Down on the waterfront, there’s a comprehensive Plan for the Central Delaware that envisions short- and long-term development along our urban riverbed. Among its various profferings is a 100-foot height limit on new structures. But nowhere in the current plans for a four-tower 1458-unit mixed use residential and retail development, known as Renaissance Plaza, being presented by developers Waterfront Renaissance Associates is that limit abided.
The project would occupy a 5.29 acre site located at 400 N. Columbus Blvd., at the intersection of Spring Garden and Columbus formerly slated to be the World Trade Plaza, according to PlanPhilly. Plans call for two 426 feet towers and two 227 feet towers.
But right now developers are only circling among various civic groups and city agencies to present their current plants in order to compile community input, so that they can in turn make adjustments, according to Joe Schiavo, vice chair of the Old City Civic Association (OCCA). Developers appeared before the OCCA’s developments committee last month after previously coming before the Central Delaware Advocacy Group and the Planning Commission.
Height is one major issue that’s been raised by groups across the board. The Plan for the Central Delaware is based on a concept that favors distribution over density. It’s rooted in the idea that by limiting the height of new structures, distribution is forced because law forbids developers from creating one large tower where basically the first developer in dominates the area. Instead of one tall building, you get four or five smaller ones.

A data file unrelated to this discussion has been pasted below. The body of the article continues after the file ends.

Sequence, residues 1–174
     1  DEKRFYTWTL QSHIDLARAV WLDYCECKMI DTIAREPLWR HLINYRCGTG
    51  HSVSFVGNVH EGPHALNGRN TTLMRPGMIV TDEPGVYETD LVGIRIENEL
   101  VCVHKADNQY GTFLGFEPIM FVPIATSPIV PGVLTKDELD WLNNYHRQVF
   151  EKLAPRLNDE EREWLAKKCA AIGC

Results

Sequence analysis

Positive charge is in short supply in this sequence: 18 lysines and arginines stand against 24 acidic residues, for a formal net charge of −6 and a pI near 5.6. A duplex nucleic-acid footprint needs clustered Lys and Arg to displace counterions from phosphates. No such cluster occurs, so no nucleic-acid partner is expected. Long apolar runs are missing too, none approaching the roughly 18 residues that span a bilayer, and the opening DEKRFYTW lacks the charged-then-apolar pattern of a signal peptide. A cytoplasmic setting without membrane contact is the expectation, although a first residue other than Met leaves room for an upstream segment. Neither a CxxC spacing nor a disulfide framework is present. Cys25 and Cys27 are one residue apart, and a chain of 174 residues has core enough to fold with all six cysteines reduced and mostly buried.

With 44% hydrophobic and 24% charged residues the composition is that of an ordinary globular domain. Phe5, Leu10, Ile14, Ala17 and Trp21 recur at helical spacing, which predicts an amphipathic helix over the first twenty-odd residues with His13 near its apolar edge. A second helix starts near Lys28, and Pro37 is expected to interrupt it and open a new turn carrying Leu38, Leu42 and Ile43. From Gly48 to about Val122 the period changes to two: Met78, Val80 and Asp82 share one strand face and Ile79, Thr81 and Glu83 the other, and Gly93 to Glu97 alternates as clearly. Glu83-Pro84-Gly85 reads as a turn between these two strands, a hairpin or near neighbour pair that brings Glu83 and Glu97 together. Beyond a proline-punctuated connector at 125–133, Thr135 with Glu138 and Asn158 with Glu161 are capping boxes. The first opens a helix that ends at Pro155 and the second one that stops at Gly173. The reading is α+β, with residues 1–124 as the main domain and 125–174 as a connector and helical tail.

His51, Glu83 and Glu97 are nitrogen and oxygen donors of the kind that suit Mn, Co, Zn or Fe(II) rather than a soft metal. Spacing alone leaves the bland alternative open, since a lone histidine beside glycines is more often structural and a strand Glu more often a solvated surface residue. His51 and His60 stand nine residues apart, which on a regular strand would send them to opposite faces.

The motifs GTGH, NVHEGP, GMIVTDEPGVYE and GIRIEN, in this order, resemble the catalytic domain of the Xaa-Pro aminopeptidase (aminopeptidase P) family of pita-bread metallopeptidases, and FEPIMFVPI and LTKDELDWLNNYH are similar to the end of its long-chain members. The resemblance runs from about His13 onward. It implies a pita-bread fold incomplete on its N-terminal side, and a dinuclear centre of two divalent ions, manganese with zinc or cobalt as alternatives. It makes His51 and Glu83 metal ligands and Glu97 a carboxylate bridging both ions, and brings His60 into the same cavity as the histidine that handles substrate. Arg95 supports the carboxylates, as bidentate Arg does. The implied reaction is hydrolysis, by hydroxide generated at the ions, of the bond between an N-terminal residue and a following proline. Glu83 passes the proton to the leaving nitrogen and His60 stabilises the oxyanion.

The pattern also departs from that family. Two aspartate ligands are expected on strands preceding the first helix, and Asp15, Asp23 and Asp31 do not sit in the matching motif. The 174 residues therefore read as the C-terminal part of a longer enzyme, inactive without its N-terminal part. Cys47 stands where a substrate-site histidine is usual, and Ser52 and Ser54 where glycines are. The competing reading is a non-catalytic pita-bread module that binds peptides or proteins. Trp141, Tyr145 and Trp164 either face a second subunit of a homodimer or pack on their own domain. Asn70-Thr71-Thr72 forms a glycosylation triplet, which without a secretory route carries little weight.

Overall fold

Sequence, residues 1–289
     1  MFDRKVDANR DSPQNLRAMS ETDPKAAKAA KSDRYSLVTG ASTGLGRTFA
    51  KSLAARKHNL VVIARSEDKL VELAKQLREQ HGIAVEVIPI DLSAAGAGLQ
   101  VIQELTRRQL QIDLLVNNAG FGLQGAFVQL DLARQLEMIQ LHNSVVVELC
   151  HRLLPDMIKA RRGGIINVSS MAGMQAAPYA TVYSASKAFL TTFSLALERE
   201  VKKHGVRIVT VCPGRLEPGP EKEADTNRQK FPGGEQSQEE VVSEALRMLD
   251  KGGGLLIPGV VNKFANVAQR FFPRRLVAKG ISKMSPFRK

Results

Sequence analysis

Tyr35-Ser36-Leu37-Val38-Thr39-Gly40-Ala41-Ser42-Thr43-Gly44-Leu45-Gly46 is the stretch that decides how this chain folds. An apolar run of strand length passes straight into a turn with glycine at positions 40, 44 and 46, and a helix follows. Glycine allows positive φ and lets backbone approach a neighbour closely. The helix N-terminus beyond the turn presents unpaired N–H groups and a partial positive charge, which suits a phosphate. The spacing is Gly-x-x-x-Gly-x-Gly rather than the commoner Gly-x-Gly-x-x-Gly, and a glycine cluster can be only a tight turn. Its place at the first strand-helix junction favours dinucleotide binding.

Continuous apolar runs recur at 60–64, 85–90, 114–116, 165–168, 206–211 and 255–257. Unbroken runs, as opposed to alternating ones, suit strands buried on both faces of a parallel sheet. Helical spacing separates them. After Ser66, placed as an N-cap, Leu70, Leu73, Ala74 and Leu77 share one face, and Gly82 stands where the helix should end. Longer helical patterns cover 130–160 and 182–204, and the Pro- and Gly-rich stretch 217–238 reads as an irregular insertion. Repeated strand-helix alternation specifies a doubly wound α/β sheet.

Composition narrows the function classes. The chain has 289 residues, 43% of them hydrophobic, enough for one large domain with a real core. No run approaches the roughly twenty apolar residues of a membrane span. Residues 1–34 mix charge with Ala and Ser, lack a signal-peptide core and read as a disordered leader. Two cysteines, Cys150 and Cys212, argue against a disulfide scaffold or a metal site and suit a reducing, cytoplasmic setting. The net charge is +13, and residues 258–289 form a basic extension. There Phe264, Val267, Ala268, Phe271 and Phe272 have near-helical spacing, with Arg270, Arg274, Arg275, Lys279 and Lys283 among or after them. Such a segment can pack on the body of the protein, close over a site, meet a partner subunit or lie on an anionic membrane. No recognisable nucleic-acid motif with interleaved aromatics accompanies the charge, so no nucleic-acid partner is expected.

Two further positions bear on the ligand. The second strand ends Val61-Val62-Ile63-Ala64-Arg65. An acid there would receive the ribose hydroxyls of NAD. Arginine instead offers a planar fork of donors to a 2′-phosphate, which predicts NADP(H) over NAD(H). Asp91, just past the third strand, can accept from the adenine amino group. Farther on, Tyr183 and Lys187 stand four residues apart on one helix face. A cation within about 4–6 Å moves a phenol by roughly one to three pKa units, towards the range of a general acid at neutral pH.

As such, height is one of the major issues to be addressed in a letter currently being drafted by OCCA members about the project, which will then go along to the Planning Commission, the group responsible for approving (or not) said plans.
Schiavo said his group looks at the concepts of the project and how it might impact the area, as opposed to liking or disliking plans.
According to Schiavo, the developers maintain they’ll build the project in phases, one every two years, which will mitigate over-density. But Schiavo said folks fear the developer might only complete one phase. As it is currently planned, phase one would include a tower with surface parking.
Another issue Schiavo noted was plans called for bi-level retail. Two floors of fruit and veggies, er, artisan shirts and slacks anyone?
It will be a little while before anything, if at all, happens with these current plans. Still, we’re not totally convinced that there’s a market for so many more residential units in this area. Or is there a surplus of people we don’t know about looking to rent a new apartment down by the river?